A Crime That Never Ends

Last week, I focused this blog on the issue of enforced disappearance. I received this response from an advocate working on the front lines for victims’ families, and wanted to share it with you. I’ve added some links in case you want to learn more: I loved this week’s posts on enforced disappearance. I am … Continue reading

Good News Friday – The Good News About Disappearance

The good news about disappearance is that there’s something you can do about it. This week I shared a couple of examples of enforced disappearance in Iraq and Pakistan, but it occurs in far too many countries to discuss in a few short days. Fortunately, some folks are fighting back: 1. EDIEC (Enforced Disappearances Information … Continue reading

Ending the “Kill and Dump” Policy in Balochistan

I’ll be the first to admit I don’t know much about Balochistan. (Balochi-what? Is that the place Herman Cain calls Stan-Stan?) No, Balochistan is in the southwest region of Pakistan. It spans nearly half of the country, but the population is much more sparse, making up only 5%. And it’s getting sparser… Enforced disappearances in … Continue reading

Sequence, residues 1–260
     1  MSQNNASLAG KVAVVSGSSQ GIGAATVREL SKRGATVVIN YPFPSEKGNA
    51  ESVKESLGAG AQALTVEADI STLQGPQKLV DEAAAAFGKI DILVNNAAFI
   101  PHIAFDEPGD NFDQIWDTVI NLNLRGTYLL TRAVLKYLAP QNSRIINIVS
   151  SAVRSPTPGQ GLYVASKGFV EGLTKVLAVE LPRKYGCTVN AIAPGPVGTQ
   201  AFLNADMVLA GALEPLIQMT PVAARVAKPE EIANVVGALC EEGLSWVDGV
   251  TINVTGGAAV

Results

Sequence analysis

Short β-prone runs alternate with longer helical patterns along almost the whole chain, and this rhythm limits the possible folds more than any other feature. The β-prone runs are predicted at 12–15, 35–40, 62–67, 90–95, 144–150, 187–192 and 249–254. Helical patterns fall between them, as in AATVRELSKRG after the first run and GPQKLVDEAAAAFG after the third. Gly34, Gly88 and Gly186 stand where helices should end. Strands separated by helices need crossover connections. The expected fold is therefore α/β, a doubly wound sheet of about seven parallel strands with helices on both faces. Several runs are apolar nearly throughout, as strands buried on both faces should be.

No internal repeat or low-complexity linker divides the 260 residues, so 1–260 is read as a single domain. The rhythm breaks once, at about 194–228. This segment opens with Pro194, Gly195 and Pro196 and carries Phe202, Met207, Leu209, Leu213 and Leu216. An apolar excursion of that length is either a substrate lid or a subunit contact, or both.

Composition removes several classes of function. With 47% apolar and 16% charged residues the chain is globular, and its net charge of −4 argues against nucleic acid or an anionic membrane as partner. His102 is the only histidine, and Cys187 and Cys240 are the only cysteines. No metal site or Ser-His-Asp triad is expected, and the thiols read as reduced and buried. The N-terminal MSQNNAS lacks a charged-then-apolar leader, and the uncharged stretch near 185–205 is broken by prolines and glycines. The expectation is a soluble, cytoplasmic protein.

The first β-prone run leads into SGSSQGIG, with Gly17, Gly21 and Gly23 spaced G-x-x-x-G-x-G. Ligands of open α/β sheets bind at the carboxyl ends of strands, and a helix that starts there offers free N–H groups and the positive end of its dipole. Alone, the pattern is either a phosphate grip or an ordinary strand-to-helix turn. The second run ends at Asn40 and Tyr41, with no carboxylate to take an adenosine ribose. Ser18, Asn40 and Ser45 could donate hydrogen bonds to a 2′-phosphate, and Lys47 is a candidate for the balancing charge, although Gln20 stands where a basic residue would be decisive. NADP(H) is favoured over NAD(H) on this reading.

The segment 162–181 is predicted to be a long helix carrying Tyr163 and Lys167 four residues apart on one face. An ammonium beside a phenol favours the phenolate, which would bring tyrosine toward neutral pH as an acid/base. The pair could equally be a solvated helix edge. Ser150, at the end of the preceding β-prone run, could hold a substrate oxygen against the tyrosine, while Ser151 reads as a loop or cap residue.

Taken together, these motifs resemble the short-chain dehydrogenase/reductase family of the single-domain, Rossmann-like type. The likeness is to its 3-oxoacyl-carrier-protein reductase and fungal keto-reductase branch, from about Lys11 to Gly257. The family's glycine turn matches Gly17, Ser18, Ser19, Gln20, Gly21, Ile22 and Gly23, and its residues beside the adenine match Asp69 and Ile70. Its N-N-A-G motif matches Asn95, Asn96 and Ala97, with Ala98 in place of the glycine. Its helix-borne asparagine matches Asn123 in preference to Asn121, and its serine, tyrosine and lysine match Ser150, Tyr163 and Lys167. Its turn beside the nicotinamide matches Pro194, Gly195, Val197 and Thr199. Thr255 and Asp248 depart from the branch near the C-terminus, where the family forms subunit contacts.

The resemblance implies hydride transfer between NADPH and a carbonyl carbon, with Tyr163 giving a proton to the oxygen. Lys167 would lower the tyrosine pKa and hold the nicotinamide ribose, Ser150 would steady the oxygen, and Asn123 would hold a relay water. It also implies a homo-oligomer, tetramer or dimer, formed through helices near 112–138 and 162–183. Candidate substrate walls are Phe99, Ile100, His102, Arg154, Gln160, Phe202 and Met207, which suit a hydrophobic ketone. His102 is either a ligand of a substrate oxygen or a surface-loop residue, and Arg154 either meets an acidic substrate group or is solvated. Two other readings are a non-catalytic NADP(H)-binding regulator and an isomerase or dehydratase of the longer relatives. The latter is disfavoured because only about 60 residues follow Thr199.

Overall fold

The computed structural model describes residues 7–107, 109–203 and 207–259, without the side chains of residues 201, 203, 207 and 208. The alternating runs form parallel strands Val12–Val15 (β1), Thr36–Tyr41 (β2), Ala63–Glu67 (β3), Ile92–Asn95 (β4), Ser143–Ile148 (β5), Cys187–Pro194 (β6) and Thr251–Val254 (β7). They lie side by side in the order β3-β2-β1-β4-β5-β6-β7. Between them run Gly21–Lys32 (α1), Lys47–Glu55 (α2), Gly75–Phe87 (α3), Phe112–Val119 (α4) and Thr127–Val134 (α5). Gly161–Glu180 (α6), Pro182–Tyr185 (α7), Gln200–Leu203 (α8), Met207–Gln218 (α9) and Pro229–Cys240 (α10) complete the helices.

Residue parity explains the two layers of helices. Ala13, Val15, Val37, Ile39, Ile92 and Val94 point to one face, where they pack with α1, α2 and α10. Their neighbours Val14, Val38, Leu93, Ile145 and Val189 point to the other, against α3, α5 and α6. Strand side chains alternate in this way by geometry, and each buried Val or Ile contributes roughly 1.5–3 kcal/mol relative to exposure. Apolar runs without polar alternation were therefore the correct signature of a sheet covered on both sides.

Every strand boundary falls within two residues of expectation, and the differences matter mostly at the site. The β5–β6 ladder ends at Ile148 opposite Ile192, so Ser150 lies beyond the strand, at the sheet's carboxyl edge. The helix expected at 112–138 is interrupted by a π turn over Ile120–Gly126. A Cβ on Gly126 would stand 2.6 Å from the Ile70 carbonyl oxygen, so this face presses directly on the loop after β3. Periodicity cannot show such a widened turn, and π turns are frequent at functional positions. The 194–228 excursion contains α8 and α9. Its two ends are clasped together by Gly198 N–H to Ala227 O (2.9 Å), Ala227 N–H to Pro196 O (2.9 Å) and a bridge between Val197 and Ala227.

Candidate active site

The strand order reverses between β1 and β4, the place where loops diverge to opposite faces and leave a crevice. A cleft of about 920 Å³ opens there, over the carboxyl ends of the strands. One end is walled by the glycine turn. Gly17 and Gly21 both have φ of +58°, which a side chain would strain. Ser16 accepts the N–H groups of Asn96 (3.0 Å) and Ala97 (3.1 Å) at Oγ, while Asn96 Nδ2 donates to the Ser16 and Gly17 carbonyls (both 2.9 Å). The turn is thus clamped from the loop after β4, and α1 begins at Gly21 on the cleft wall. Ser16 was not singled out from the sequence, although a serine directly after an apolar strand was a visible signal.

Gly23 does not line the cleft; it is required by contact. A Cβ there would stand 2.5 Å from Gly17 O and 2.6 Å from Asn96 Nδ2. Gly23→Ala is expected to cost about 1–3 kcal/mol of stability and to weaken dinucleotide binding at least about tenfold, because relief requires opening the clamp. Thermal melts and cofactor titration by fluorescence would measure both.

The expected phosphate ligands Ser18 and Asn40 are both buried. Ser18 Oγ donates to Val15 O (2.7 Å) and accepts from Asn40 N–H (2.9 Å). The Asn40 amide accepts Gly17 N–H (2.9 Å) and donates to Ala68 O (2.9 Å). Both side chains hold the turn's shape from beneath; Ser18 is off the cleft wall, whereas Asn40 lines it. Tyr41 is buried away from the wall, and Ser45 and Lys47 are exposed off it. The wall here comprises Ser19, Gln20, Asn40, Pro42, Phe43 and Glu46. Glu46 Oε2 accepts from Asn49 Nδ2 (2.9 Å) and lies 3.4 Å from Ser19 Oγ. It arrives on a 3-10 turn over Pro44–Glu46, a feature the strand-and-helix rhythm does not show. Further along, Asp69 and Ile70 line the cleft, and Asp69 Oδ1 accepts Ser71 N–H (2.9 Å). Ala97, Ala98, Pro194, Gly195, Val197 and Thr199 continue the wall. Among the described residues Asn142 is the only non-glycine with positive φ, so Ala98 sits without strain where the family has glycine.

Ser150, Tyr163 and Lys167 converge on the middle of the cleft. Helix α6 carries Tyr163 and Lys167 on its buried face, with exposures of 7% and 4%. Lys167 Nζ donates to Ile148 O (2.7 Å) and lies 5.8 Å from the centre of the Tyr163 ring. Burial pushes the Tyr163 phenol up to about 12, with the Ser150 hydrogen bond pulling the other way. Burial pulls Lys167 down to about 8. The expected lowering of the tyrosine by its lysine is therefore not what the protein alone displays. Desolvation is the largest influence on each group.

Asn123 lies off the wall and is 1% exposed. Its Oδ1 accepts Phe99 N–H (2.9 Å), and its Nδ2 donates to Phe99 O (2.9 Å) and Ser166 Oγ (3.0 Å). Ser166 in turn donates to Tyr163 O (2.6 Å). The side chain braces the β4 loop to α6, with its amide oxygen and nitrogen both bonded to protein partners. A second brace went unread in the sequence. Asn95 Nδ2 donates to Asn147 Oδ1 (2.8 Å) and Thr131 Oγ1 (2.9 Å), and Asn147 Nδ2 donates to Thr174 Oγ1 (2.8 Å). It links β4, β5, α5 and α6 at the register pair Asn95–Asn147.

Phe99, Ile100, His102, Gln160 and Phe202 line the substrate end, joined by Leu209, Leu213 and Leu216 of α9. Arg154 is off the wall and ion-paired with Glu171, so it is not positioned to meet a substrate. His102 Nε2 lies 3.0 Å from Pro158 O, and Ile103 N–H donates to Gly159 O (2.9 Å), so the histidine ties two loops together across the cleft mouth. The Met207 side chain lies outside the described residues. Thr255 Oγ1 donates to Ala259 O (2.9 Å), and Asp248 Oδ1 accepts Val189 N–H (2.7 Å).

Washing Our Hands of Iraq’s Missing Million

I mentioned some scary numbers in yesterday’s post – in particular that anywhere from 250,000 to 1 million Iraqis have disappeared in recent years and not yet been found by their loved ones. These numbers come from three major eras in Iraq’s recent history: War with Iran: Enforced disappearances occurred relatively often in Iraq during … Continue reading

The Myth of the Missing

My high school Spanish teacher first sparked my interest in human rights when she showed us two films during senior year: The Mission and Missing. Both discuss atrocities in South America. The Mission portrays the massacre of a South American native tribe, and Missing shows the fallout when family members investigate the enforced disappearance of … Continue reading

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